We need Features to span multiple releases.

We build features across several releases or we break them into smaller marketable components of the larger feature.  We really need a way to tag a feature to multiple release vehicles.

  • Brooke Huling
  • Oct 5 2015
  • Shipped
Release time frame
  • Mar 29, 2017

    Admin Response

    Today, we have introduced Master features -- a powerful new capability for your bigger work items. Master features can be used to group features together which span across multiple releases. You can use Master features are another level in between your existing strategic initiatives and features.

    Read more about it here: https://blog.aha.io/epic-roadmap/ 

  • Attach files
  • Jonathon Leeke commented
    October 5, 2015 17:44

    Yes, since features are not necessarily confined to a sprint, that means they may also split releases.  It's hard to show how we work on a feature in multiple releases.  For now, we usually do a Phase 1 (ie. "MVP") and then Phase 2 ("iterate") feature, but it's sometimes hard for our stakeholders to understand the distinction.  Or if we ship some parts "dark", there may be nothing to communicate, but we still need to track that we're working on that feature in multiple releases.

  • Reed Smith commented
    October 5, 2015 18:44

    Very helpful with rapid release or continuous development cycles.

  • T commented
    October 14, 2015 17:22

    Great Idea.

  • Ed Henderson commented
    October 27, 2015 16:45

    I just saw this, and wanted to put my $0.02 in.. FWIW.

    Frankly, I think this is a bad idea. I'm sorry, but if you know anything about *agile*, then you know that features/stories are specifically designed as items that can be completed in a sprint. They don't span a sprint, let along a release.

    The way you span things across sprints/releases would be to have an Epic/Initiative, then create a list of finer grained items that you can release in pieces.

    There are plenty of important things Aha! needs to work on, this, IMHO, is not one of them.. this should not even be on the list, let along near the top. How the heck does this have 25 points?

    Why can't I downvote this??? Grrrr

  • Cameron O'Rourke commented
    October 29, 2015 18:01

    I agree with Ed. Initiatives span releases and sprints, Features may span sprints, Requirements (sub-tasks) in our environment do not span sprints. 

    Having said that, I don't know if the default Aha to JIRA mapping is really the best way to set up Aha and JIRA, I suspect that there is a better default mapping that lets PMs plan at a sufficiently high level, and engineering teams work at a sprint level.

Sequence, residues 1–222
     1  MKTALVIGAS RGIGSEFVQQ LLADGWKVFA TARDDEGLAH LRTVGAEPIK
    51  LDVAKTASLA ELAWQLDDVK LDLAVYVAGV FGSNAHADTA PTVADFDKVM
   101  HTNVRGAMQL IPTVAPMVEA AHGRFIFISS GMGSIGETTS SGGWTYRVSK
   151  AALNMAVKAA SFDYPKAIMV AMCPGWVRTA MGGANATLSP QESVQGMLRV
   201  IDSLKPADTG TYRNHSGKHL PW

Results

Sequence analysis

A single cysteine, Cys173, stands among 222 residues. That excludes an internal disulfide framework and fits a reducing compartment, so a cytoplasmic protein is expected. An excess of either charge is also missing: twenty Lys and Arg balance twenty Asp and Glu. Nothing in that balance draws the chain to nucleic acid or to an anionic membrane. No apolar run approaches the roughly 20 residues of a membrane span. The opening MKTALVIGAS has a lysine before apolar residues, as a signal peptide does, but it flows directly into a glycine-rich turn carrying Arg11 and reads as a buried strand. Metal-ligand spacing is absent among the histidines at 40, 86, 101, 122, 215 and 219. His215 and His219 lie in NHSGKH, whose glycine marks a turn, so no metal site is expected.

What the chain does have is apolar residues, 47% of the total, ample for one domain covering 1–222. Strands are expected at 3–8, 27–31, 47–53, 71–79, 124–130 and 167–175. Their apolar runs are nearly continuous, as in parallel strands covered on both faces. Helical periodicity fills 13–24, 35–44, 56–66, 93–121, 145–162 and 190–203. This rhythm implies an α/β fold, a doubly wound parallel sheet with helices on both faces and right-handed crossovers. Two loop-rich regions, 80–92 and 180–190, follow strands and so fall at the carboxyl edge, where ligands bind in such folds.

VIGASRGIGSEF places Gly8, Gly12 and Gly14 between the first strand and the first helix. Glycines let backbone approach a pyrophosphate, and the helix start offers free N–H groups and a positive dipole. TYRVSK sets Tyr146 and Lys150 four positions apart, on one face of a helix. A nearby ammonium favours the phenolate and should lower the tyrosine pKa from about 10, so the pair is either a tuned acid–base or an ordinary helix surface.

I would love to hear from others on what is working for them. 

  • T commented
    November 5, 2015 19:10

    I think maybe this could be achieved through adding a relationship between a feature, perhaps a better option would be to have the ability to display relationships between "phases" on the roadmap/feature page if you wanted to make them relate. 

    Note: I know currently we can only view these relationships when we open the feature itself. 

     

  • Patrick Strick commented
    November 13, 2015 14:35

    I agree with the idea. But, I agree because as Cameron said the default mapping (to Jira at least) of feature = user story doesn't make sense in our company. Our stories are fairly granular and in themselves do not represent a complete "feature" that I would use for planning, much less share with stakeholders. Our idea is having initiatives not mapped to anything and features mapped to epics. However, epics can and do span sprints and sometimes releases.

  • Scott Ling commented
    January 5, 2016 09:26

    Ed's comment was great. I would like to ad to it as an Agile practitioner/trainer (past life :) )

    TLDR; read last paragraph for a solution, Top section for why in Agile you should not have a story/feature span a release.

     

    Normally, in a sprint if a story is not completed it is treated as failed, and not delivered - for time keeping/costing you record time else where.

    But for product implementation work, its either done or not done.  if it cant be completed in a sprint and you know this upfront, you should split it - but each story should be demonstrable as complete.

     

    If not done its simple not released, work is reviewed in planning, feature is now moved into next sprint or release. and done.  Other wise you are breaking the promise you are making on delivering items in a sprint.

     

    Finally, if its a big feature that spans many releases - you could just turn it into an initiative and assign broken down features to it - this way an initiative can be across multiple releases - and will not break agile process or promises on delivery.    We do this for a rolling UX/UI initiative right now across our product range for example as we know its a good 3-6 month job.

     

     

  • Max Cascone commented
    December 9, 2016 19:55

    I agree with Ed and Scott. If a Feature needs to be made "bigger", turn it into an Initiative ( == Epic). 

  • Janet Julian commented
    September 19, 2017 19:08

    Master features are great, but rather than placing them in releases individually, I'd rather see them linked to the releases that their component features are in so that I can see where my Master Feature is getting worked on when I look at it.